Ethnology's / cultural anthropology's areas of interest

What the Anthropological Story Tells Us. How 'Natives' Think. Understanding the Other. Myth, Magic and Religion. Does God Have a Body? Forest of Symbols. Totemism. Purity and Danger. Anthropology of the Body. Sexual life of Savages. Cadaver. Taboo Versus Paradigms of Ethnology. Cows, Pigs, Wars and Witches. Shamanism. Primitive Economy of the Polynesians. Political Systems in Africa. Nations and Nationalism. Development of Family and Marriage in Europe. Portraits of 'a Stranger'. Don't fear the Gypsy. Image of the Jew in Polish Folk Culture. Peasant is Power and That's It. Anthropology of a Nineteenth-Century Polish Village Culture. Kiss in the Life of a Villager. Home in the Imagery and Rituals of Eastern Slavs. Bloody Revenge. Importance of the Our Lady of Częstochowa Icon. Anthropo-Spectre Monsters, Vampires and Other Beasts. Sociotechnics. Between Magic and Analogy. Mafia, Anti-Mafia and Problems of Culture on Sicily. Public Toilets in Ukraine. Folklore on the Internet.

The above is only a sample of the theses that have been written by ethnologists and cultural anthropologists, a sample that shows that their interests lie in understanding: 'savages' (non-European cultures, 'primitive cultures' and 'tribal societies'); 'the people' ('domestic savages' i.e. traditional non-elite social strata, primarily in rural cultures); contemporary popular culture (in 'native' terms, with subjects of research including 'Cars in American culture', 'The stock market in Shanghai' and 'Andrzej Lepper in Polish politics'); and, last but not least, understanding ethnography, ethnology and cultural anthropology themselves (i.e. how our knowledge and ethnography are created - in other words, we treat ourselves as another type of 'savage' to create our own local knowledge).

Clearly, ethnology and cultural anthropology are the most extensive and versatile of the empirical sciences about human beings as an area of cultural interest. In turn, culture may be commonly understood as the rules of good behaviour. Persons with bad manners are said to be uncultured, while those with an aristocratic manner are associated with culture (i.e. art, 'belles-lettres', theatre, opera, etc.) In other words, culture is something uncultured people can live without. We prefer to talk about culture as plural. In a concrete manner, we describe a particular culture (e.g. the culture of the Māori, Inuits, peasants in 19th-century Galicia, youth groups in Poland) as a specific instance of articulating the world and, at the same time, a unique programme of social behaviour. All of these areas are what we wish to discuss based on ethnographic field research and each ethnographer's experience coming from their meeting with the Other. No other science exists in which the path from experiment (ethnography) to theory (ethnology and cultural anthropology) is so long, problematic and fascinating.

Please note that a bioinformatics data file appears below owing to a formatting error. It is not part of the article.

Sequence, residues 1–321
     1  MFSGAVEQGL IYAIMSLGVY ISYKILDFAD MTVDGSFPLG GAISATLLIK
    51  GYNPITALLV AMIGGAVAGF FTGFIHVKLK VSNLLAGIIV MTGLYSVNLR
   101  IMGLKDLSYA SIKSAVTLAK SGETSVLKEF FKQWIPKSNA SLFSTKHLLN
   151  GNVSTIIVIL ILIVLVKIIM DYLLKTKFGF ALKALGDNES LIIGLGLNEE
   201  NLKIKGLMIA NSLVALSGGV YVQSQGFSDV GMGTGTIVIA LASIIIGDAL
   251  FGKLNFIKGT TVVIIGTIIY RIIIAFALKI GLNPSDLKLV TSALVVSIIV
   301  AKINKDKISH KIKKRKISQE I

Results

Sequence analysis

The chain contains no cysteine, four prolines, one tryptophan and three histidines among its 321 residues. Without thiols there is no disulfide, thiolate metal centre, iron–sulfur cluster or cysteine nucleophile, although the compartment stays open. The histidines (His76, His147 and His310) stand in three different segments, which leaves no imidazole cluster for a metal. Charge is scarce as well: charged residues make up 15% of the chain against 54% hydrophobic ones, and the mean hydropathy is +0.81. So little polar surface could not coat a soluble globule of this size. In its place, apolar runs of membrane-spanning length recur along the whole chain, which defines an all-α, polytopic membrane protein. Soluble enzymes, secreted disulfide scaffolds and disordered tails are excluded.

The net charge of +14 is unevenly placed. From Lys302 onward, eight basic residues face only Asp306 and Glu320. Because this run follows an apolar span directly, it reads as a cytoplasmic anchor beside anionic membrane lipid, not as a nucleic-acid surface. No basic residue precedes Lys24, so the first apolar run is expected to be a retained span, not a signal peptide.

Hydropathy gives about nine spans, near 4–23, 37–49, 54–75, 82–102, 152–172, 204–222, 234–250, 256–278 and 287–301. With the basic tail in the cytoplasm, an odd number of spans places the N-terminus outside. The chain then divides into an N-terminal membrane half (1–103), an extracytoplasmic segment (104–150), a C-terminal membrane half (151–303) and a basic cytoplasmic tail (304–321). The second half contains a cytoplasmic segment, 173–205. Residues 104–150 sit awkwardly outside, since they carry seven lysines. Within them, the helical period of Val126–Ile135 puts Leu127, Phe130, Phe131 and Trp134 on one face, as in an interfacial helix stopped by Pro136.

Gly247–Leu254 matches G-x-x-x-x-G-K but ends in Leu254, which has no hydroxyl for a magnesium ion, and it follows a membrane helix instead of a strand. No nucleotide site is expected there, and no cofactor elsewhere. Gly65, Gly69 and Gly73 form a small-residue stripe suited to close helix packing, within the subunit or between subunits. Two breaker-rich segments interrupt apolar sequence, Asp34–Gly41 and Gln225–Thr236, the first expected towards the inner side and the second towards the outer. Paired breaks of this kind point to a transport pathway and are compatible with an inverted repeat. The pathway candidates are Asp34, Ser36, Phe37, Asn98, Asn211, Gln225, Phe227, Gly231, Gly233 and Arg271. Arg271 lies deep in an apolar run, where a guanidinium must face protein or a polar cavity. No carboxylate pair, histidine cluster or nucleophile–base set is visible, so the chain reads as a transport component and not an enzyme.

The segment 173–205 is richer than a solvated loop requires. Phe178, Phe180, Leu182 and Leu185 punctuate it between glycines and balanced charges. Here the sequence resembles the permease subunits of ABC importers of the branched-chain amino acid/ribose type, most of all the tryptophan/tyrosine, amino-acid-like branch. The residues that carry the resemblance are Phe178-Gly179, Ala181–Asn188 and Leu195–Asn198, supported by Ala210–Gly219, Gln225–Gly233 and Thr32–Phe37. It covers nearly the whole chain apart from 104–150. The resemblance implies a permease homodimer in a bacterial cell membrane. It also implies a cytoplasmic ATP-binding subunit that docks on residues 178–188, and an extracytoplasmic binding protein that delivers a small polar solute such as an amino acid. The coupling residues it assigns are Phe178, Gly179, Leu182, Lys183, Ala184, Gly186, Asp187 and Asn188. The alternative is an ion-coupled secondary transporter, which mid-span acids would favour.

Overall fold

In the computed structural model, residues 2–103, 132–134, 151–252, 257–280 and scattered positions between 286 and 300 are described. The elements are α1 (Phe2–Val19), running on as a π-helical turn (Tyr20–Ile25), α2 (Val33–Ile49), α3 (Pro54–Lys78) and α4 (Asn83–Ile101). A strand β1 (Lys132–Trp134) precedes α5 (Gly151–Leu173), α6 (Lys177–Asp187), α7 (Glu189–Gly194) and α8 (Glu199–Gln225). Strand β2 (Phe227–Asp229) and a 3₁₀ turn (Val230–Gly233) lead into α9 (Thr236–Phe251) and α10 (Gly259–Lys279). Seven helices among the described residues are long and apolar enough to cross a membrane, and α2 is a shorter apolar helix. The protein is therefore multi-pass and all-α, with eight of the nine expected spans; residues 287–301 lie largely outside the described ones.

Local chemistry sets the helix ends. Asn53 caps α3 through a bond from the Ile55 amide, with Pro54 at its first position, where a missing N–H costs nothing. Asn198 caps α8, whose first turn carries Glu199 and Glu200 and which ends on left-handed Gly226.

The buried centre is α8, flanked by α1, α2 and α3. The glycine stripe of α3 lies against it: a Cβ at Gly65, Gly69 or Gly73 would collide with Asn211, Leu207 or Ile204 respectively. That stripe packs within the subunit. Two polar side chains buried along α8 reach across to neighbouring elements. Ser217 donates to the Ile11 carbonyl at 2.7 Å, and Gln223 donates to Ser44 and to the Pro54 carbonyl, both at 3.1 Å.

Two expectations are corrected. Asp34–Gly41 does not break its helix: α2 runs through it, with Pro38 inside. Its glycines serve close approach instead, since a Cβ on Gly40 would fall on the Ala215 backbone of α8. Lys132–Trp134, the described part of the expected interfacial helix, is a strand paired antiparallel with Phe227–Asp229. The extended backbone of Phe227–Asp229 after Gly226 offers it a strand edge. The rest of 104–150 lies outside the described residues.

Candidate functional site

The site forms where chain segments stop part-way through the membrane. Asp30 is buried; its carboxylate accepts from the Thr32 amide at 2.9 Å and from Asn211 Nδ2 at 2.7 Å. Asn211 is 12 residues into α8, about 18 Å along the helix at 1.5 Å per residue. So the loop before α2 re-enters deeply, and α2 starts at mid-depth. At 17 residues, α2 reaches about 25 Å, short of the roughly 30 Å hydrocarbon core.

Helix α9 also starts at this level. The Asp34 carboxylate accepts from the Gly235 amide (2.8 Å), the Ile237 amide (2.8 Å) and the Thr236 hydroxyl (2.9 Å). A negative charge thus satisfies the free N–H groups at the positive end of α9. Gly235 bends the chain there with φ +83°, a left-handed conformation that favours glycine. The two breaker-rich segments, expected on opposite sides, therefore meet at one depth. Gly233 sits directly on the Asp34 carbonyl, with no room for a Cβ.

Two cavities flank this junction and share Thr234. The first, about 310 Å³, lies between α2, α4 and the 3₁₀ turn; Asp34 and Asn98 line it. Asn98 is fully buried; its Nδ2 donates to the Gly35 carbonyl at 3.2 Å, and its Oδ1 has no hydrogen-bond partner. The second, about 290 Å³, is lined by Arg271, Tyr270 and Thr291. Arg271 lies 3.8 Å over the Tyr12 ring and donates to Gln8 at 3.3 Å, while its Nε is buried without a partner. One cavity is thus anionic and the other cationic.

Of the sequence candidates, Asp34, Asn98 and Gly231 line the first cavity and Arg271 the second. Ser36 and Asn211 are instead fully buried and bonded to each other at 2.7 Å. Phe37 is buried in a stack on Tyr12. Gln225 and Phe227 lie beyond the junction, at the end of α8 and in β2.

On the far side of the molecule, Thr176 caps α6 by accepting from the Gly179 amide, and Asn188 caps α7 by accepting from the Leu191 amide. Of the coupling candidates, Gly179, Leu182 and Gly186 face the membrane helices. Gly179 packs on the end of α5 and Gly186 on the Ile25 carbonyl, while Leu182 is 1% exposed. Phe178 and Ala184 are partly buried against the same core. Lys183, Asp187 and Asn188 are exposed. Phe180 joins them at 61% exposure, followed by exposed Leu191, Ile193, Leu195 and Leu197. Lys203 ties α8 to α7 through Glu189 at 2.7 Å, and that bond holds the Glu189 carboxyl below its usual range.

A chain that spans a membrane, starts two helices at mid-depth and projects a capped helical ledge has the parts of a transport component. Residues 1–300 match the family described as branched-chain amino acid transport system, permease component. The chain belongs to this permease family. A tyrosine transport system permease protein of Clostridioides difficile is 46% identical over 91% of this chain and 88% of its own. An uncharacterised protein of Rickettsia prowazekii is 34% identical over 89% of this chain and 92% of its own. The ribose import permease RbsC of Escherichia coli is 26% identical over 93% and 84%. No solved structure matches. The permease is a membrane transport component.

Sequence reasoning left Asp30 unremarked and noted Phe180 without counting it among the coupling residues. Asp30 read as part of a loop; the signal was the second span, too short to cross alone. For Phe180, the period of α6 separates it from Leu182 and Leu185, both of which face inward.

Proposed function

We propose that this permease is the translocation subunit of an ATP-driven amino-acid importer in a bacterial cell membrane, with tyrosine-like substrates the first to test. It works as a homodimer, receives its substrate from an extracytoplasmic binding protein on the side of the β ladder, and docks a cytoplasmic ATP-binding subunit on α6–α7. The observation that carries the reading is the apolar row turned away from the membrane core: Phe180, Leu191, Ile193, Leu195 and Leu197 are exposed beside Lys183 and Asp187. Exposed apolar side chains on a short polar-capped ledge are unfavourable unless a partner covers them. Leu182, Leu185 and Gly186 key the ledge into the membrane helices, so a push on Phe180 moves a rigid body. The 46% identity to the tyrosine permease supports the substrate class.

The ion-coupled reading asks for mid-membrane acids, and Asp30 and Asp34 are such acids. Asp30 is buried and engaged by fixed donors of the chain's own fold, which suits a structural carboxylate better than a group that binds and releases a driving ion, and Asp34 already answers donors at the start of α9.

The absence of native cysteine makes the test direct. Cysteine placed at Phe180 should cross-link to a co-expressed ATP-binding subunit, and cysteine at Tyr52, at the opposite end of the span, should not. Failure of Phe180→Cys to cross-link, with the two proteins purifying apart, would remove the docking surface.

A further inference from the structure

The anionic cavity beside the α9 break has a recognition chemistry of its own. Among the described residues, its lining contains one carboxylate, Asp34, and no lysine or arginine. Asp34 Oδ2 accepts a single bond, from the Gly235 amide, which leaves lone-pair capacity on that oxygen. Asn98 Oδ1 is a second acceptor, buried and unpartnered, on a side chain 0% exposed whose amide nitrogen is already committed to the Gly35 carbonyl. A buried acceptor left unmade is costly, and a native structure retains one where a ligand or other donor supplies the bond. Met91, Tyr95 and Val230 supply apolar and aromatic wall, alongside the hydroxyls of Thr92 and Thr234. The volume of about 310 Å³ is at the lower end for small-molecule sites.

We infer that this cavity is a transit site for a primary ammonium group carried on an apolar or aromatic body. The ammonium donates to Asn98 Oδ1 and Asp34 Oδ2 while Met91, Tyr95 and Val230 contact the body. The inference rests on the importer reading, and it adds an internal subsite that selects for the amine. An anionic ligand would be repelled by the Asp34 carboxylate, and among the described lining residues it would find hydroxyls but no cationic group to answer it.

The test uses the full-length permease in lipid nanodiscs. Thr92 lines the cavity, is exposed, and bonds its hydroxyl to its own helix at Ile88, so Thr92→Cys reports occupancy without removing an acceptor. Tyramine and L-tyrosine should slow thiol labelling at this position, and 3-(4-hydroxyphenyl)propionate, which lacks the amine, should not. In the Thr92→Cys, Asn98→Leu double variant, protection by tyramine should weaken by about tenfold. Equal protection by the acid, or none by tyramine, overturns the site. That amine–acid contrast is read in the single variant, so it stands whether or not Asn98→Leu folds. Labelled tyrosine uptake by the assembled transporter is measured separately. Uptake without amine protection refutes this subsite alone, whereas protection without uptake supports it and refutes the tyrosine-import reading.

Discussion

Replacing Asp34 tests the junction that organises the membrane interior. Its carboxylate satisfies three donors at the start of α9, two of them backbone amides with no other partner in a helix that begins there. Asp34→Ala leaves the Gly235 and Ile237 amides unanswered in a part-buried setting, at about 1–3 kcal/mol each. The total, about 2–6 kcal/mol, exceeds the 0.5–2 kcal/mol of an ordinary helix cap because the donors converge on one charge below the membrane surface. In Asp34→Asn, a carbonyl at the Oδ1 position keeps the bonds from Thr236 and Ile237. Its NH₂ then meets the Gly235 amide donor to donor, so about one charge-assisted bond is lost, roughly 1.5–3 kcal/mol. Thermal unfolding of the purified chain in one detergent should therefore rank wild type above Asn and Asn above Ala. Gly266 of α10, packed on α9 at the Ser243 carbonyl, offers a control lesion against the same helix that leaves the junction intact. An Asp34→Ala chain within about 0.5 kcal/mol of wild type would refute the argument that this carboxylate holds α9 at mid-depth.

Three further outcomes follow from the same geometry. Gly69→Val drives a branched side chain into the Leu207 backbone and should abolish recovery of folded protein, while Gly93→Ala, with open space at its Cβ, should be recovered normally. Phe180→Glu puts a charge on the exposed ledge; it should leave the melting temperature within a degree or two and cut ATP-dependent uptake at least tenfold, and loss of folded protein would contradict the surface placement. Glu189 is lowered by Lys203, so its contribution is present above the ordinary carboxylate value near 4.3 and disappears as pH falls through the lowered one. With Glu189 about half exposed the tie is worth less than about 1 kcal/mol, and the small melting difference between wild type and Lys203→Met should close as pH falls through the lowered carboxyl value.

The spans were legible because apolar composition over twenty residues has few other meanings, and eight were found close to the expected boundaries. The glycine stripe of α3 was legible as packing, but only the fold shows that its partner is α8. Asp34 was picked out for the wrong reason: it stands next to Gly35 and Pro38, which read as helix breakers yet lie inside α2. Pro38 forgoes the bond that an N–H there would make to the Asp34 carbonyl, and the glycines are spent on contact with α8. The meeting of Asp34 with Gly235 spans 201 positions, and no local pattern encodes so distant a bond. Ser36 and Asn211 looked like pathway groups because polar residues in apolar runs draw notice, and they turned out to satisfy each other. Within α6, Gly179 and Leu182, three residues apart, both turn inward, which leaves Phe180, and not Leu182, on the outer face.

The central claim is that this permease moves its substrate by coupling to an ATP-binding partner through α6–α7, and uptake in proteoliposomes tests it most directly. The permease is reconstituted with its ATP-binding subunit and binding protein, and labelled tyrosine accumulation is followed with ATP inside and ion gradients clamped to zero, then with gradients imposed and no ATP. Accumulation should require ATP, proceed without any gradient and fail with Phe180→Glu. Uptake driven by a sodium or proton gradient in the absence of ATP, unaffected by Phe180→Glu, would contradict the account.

Ethnology has a unique status in Western culture (a culture that owes its existence to its ability to question itself) and among the academic fields of the humanities and social sciences, because of the broad scope of issues and subjects addressed by the ethnology together with its aim of maintaining the relationship between experience (ethnography) and theory (cultural anthropology). Ethnology is dedicated to those elite few who find interest in the theories of culture and religion, sociology, history, philosophy and literature, and those who wish their studies not to be limited to lecture halls and libraries, but to constitute experiencing other lifestyles and becoming familiar with different cultures.